4 Tips To Increase Your Credit Score

Credit ScoreIncreasing your credit score isn’t exactly top of mind for most people until it is time to get a loan. People with good credit are more likely to get the loan they need and will obtain lower interest rates, which ultimately means saving money. If you are wanting to increase your credit score, then incorporate the tips below to help maximize your score.

By understanding the five factors that make up your credit score you will better equipped to improve your score:

1. Your payment history – 35%. Do you make payments on time, are they late, or have you missed payments? Payment history is the largest determining factor of your credit score because it really represents how good of a borrower you are.

2. Amount you currently owe – 30%. This refers to your capacity; in other words, how much of your available credit are you using? Borrowing less than 35% of your capacity will help to keep your credit score from being negatively affected. For example, if you have the capacity to borrow $20,000, you will want to only truly borrow less than $7,000 of that to show your responsibility of money management.

3. Length of your credit history – 15%. The longer you have had credit available to you, the better. If you’re considering closing accounts, don’t close the ones you’ve had open for a long time; it is better to close the newer ones.

4. Number of new accounts – 10%. Don’t open new accounts too rapidly, particularly if you have a short credit history. New accounts will lower your average account age, which could impact your score if you don’t have a lot of other credit information.

5. Types of credit – 10%. It’s best to have a balanced mix of credit cards, retail accounts, installment loans, and/or mortgage.

So now that you know what helps to determine your score, let’s dive into how you can proactively increase your credit score.

1. Pay down your credit cards
The second biggest factor in determining your credit score is your capacity. By paying down on your credit cards, you are immediately increasing your capacity which will, in turn, drive up your score. For example, if you have a credit card with $10,000 in available credit on it and a balance of $5,000, you are borrowing 50% of your capacity. If you can pay down that card to say $1,000, then your capacity to borrow just increased…and so does your score!

2. Ask your credit card carrier for an increase in credit limit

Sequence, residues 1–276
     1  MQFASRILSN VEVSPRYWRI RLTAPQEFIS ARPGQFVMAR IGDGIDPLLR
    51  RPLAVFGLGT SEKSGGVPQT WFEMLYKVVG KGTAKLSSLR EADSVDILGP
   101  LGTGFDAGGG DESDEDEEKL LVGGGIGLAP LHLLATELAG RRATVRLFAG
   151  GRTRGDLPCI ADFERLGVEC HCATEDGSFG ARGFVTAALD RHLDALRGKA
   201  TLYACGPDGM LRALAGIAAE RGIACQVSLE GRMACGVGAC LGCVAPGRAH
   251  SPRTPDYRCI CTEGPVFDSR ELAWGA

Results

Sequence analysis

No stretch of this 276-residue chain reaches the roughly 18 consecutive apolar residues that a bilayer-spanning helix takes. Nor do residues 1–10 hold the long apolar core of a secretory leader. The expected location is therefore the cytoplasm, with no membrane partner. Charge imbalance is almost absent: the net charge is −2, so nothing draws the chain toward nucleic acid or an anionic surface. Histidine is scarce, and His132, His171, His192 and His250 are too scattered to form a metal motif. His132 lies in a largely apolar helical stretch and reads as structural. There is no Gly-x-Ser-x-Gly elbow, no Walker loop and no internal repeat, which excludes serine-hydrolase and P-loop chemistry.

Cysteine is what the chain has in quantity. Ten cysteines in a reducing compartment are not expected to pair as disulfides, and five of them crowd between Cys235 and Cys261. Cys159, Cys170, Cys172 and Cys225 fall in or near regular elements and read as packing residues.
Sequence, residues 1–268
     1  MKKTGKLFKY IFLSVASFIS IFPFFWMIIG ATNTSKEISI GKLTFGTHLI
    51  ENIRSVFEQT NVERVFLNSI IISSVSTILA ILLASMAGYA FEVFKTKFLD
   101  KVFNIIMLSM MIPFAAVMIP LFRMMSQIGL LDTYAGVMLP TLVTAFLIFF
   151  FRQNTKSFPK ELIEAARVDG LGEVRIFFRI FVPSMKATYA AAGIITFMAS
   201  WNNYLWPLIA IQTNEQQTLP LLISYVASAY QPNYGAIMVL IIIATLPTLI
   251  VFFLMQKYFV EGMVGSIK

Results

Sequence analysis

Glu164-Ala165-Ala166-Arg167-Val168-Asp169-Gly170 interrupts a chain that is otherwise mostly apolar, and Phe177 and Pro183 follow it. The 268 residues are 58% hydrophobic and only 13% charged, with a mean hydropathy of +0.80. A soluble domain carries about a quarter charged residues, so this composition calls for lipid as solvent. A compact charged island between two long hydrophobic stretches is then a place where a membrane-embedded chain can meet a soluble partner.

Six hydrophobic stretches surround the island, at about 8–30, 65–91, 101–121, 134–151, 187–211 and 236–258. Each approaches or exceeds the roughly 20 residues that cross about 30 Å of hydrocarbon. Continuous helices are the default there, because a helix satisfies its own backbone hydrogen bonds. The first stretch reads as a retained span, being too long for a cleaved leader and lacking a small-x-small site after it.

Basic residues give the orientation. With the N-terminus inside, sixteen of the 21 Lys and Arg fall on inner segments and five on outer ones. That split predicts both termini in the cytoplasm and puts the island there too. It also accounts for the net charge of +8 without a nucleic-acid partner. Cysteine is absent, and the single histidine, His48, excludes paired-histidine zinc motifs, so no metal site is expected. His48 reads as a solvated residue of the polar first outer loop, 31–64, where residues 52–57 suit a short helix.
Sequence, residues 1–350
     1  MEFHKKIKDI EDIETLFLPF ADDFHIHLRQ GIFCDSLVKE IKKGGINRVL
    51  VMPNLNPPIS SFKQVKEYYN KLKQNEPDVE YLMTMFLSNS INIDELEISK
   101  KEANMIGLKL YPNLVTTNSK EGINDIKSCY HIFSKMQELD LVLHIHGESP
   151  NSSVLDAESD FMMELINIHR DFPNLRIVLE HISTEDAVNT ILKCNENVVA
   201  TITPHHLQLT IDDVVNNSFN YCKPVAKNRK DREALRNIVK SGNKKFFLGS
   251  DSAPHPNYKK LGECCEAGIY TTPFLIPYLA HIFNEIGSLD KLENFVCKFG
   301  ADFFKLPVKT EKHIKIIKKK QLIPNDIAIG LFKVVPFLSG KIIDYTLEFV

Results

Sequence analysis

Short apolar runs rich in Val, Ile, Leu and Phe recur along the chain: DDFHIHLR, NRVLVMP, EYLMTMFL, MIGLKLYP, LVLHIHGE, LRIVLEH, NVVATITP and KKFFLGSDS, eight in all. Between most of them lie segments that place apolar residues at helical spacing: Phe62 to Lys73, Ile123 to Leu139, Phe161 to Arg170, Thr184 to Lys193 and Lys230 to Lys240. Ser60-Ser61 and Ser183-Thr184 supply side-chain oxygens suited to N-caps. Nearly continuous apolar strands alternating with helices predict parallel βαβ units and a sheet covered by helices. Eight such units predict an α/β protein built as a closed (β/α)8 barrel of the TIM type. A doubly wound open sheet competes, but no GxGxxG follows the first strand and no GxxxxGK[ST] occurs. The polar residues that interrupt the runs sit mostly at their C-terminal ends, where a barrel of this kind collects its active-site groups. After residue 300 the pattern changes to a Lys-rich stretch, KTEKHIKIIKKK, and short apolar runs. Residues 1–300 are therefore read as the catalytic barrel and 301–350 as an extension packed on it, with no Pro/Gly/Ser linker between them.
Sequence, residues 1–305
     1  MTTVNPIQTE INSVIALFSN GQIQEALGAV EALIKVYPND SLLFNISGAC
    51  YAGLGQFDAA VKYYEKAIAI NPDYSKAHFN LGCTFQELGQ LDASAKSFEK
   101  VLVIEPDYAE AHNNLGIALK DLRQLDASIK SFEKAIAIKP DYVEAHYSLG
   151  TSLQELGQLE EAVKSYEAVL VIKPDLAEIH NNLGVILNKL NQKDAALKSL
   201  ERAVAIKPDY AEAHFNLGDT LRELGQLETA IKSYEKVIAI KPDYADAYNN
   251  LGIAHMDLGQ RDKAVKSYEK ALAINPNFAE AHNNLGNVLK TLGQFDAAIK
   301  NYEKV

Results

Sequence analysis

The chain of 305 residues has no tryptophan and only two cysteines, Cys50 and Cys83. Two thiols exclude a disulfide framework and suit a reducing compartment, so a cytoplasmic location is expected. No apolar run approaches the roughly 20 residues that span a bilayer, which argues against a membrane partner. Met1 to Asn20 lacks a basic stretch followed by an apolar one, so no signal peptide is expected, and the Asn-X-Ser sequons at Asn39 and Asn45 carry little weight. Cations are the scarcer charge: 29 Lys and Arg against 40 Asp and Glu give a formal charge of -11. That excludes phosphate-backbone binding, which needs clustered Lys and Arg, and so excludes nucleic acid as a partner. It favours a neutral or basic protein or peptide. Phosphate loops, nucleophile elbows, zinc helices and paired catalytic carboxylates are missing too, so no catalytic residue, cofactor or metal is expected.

In addition to paying down your credit card, another way to increase your capacity is to ask for credit limit increases. In many cases, credit card issuers will increase limits to customers with a good credit history. If you can’t secure an increase with your current card, consider opening a new credit card. Although a hard inquiry on your credit report can temporarily decrease your score, the additional borrowing capacity will outweigh the decrease, particularly since capacity is 30% weighting on determining your score.

3. Automate your payments
A few late payments is not an automatic score killer, however; if you are making late payments then you may want to start automating your payments using online banking. Making on-time payments is one of the biggest factors to your score, so make it as easy as possible by establishing automatic payments.

4. Check your credit report
According to myFICO, your credit score repair begins with your credit report. Make sure there are no late payments incorrectly listed and the amount owed for each account is correct. If you find errors, dispute them with the credit bureau. You have three FICO credit scores, one for each of the three bureaus: Equifax, TransUnion and Experian. You are entitled to one free report from each agency every 12 months. You can get your report online at annualcreditreport.com or by calling 877.322.8228.

Improving your credit takes time but the financial rewards are high! If you would like a free credit score analysis and to get personalized recommendations for increasing your score, then contact me today at 269.544.3449 or email me at rtaylor@arborfcu.org.

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